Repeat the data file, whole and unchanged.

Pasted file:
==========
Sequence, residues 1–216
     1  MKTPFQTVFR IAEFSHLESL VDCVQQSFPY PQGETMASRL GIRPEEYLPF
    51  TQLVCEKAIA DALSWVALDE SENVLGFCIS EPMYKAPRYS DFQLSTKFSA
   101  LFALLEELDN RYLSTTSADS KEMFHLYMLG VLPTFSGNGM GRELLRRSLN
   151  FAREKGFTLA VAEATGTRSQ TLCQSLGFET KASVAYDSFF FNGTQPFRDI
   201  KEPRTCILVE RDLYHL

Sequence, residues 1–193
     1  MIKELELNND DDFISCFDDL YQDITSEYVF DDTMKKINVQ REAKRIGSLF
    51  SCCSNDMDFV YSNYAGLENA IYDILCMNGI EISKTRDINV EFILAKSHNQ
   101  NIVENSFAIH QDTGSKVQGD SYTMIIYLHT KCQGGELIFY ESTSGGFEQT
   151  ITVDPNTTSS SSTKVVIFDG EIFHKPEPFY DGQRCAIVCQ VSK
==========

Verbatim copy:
Sequence, residues 1–216
     1  MKTPFQTVFR IAEFSHLESL VDCVQQSFPY PQGETMASRL GIRPEEYLPF
    51  TQLVCEKAIA DALSWVALDE SENVLGFCIS EPMYKAPRYS DFQLSTKFSA
   101  LFALLEELDN RYLSTTSADS KEMFHLYMLG VLPTFSGNGM GRELLRRSLN
   151  FAREKGFTLA VAEATGTRSQ TLCQSLGFET KASVAYDSFF FNGTQPFRDI
   201  KEPRTCILVE RDLYHL

Sequence, residues 1–193
     1  MIKELELNND DDFISCFDDL YQDITSEYVF DDTMKKINVQ REAKRIGSLF
    51  SCCSNDMDFV YSNYAGLENA IYDILCMNGI EISKTRDINV EFILAKSHNQ
   101  NIVENSFAIH QDTGSKVQGD SYTMIIYLHT KCQGGELIFY ESTSGGFEQT
   151  ITVDPNTTSS SSTKVVIFDG EIFHKPEPFY DGQRCAIVCQ VSK